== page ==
Mothers Day has always been a non-event in my life… get the mom some flowers, make a card, and be generally appreciative (way back in the day there was breakfast in bed involved; thanks mom for taking one for the team and choking it down as a good sport). Even now as a mom, it’s nice, but as I told husband the other morning (in discussion about “what I want for mothers day”), it’s not another birthday. A gesture of appreciation (ie, a nap that I don’t have to ask for, perhaps a pedicure) would greatly suffice. 

This year I feel like the “holiday” has exploded. Maybe it’s where I find myself – Babble comes up in my FB feed, which gears itself to moms of all types, and I’m friends with many mothers, so now it’s a part of conversation. Or maybe we Americans just know how to commercialize anything.
Nonetheless, a day usually composed of flowers, luncheons and I Love You’s has been elongated into a week’s worth of preparation and festivities. But that hasn’t helped me celebrate the day any better, no matter what the Today Show suggests.  
My mothers day perspective has changed over the years, largely in part to new perspective: I have friends who feel like perhaps they have less of a reason to celebrate the second Sunday in May. Those that have lost their mothers. Those whose mothers chose to walk away. Those who anticipate with great hopefulness being a mother and struggle each month with the disappointment that it will be that much longer (and sometimes this is true even after they’ve been a mother once – and the disappointment is still there, and still valid). There are those who “would’ve been” mothers and they count back the years to the difficult decision they made. All of these things remind me that motherhood – and mother-having – is not a right or a guarantee, but a gift. There is no Motherhood Patrol to police the world and make sure all is fair; so those that are blessed must uphold the right place of gratefulness for all that has been donned our way in terms of motherhood.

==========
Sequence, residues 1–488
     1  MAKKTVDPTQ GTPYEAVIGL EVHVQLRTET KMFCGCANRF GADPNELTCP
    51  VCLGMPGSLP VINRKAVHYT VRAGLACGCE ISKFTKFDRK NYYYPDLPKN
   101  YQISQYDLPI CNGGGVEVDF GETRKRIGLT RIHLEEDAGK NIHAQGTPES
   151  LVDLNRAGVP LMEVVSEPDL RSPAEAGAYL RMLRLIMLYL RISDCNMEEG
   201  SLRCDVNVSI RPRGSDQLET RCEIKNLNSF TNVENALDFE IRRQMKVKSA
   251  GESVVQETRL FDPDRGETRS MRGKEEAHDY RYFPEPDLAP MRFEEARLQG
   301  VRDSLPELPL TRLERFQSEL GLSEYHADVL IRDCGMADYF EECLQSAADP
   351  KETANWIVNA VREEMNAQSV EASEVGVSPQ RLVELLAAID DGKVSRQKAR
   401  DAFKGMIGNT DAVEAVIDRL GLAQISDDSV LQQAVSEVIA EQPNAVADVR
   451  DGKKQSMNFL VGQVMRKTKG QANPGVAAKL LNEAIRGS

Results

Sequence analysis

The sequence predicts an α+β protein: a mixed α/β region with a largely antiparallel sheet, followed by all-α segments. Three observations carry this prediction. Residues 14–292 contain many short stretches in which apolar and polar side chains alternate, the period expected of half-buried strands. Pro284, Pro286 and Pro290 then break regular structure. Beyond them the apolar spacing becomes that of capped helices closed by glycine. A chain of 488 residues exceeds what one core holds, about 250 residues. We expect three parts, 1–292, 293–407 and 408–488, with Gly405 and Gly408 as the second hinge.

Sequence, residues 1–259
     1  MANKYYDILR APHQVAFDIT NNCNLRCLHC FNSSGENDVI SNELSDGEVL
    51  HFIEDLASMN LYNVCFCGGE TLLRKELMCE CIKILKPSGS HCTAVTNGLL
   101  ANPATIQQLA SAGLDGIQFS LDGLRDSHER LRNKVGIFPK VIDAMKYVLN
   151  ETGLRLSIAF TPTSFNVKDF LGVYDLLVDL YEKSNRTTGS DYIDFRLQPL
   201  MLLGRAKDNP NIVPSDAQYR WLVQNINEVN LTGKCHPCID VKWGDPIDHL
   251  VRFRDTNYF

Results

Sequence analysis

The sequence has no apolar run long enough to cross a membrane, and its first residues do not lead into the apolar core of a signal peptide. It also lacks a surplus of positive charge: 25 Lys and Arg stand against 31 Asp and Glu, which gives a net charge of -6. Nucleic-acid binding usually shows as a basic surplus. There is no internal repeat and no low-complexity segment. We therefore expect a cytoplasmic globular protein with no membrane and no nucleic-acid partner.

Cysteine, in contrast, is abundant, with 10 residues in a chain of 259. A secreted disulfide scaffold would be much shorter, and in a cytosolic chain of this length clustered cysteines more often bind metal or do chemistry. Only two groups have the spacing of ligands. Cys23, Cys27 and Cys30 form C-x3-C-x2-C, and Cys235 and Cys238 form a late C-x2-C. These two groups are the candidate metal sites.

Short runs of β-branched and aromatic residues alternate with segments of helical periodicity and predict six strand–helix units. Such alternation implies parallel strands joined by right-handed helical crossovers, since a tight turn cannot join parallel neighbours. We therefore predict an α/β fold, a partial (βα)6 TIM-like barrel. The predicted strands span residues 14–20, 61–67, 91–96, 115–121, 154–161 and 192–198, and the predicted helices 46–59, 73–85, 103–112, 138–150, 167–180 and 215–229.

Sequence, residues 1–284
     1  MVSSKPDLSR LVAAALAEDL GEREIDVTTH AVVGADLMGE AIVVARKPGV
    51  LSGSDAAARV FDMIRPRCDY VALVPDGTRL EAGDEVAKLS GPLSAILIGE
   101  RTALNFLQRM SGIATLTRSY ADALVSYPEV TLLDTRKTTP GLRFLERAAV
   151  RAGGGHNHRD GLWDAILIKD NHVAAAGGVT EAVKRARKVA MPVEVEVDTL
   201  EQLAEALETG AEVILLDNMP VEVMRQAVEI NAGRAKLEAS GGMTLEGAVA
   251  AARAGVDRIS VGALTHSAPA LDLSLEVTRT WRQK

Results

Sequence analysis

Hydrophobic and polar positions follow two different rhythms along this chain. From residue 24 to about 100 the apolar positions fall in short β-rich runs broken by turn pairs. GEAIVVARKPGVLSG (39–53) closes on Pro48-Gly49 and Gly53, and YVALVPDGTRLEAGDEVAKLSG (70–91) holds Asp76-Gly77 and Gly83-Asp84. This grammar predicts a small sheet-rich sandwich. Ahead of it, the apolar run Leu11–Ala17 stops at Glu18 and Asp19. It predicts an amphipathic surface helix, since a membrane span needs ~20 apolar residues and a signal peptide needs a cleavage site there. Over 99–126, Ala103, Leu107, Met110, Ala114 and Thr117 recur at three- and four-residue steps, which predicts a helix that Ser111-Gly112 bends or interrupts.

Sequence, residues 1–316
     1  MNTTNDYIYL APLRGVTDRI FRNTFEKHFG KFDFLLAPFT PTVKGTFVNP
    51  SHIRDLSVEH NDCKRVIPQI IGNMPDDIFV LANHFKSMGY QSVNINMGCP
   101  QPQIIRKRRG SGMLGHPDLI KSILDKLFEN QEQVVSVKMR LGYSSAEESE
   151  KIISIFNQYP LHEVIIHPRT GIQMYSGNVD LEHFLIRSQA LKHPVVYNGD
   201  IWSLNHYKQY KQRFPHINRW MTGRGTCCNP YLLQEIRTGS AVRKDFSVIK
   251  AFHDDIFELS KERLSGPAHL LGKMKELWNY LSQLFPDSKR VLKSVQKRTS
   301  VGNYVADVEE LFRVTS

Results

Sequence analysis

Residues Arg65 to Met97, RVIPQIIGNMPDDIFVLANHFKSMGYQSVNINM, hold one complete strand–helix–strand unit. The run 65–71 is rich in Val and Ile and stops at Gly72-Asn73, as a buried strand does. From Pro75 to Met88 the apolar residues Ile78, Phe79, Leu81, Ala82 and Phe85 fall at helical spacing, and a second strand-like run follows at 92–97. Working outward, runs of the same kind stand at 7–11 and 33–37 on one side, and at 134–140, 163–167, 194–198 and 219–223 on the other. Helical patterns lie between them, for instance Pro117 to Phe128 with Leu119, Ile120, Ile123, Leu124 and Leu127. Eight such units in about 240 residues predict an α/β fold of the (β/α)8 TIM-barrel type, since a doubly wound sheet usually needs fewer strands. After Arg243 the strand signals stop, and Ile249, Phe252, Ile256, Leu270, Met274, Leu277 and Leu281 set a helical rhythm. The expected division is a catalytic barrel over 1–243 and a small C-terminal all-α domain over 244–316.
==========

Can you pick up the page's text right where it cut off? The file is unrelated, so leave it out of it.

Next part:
I’m grateful for a time each year that I can be appreciative of the wonderful woman in my life who has loved and cared for me, answered my calls at the least convenient moment and set a wonderful example of the way I hope to be present in the lives of my children. I’m grateful for the woman she is and the time I continue to have with her.  I’m not sure I’d be so introspective of my appreciation if I didn’t realize just how hard the day could be, and continues to be for many women. I hope that a luncheon and a pot of flowers (though thoughtfully selected) will make the message known: I have an idea of what my world would be like without, and I don’t like it. I don’t just need, but I want the continuing presence in my life. We don’t always get what we want; but today, I realize that I do.
I love you, mom!
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